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Objective: This article explores how people with pancreatic cancer interpreted prediagnostic signs and symptoms, and what triggered them to seek medical help for symptoms that occurred intermittently. Design: Thematic analysis of prediagnostic symptom descriptions drawn from a qualitative interview study of people with experiences of pancreatic cancer. Participants: 40 people affected by pancreatic cancer (32 patients and 8 relatives of people who had died). Age at interview ranged from 35 to 84 years; 55% were men; and 57.5% of patients had been offered potentially curative surgery. Setting: Respondents interviewed at home were recruited from different parts of the UK during 2009/ 2010. Results: Analysis of the interviews suggested that intermittent symptoms were not uncommon in the months, or even years, before diagnosis but that the fact that the symptom did not persist was often taken by the patient as a reassuring indicator that it could not be 'very important'. Such symptoms were rarely acted upon until a pattern became apparent, the frequency of symptom episodes increased, there was a change in the nature of the intermittent symptoms or additional symptom(s) appeared. These findings build on social science theories of consultation behaviour. Conclusions: Our study - the largest reported collection of qualitative interviews with people with pancreatic cancer - reports for the first time that symptoms of an intermittent nature may precede a pancreatic cancer diagnosis. Patients (and potentially their doctors as well) may be falsely reassured by symptoms that come and go. Pancreatic cancer might be identified at a stage where curative treatment is more likely if there were greater awareness that intermittent gastrointestinal symptoms can have a serious cause, and if patients with intermittent pancreatitis-like symptoms were investigated more readily.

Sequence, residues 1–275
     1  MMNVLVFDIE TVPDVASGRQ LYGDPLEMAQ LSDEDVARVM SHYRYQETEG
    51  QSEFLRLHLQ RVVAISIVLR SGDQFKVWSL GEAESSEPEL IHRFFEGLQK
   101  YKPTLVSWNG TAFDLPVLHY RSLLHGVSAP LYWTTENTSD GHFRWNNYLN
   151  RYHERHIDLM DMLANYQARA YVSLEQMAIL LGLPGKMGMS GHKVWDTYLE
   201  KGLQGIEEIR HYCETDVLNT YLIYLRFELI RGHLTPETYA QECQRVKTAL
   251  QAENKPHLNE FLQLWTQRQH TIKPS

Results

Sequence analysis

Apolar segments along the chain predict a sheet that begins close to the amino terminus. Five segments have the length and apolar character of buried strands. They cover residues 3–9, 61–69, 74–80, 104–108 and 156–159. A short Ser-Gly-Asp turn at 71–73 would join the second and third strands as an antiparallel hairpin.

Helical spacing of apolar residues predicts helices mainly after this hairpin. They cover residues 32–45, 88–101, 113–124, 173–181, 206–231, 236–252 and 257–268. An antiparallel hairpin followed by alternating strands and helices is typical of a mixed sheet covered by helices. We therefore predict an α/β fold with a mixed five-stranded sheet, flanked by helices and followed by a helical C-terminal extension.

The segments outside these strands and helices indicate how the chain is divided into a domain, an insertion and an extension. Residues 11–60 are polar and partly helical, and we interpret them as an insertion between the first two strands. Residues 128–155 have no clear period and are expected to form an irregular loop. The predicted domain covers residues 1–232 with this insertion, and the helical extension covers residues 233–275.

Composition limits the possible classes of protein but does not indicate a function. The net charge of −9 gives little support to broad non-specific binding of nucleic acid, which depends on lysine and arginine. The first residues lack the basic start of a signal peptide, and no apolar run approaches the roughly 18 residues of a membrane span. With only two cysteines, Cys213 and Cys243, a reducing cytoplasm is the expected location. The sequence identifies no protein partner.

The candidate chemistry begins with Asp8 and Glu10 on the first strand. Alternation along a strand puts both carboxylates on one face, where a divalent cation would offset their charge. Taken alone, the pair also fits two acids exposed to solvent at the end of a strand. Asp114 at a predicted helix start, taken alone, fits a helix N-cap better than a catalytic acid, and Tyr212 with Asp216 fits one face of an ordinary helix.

Original publication




Journal article


BMJ Open

Publication Date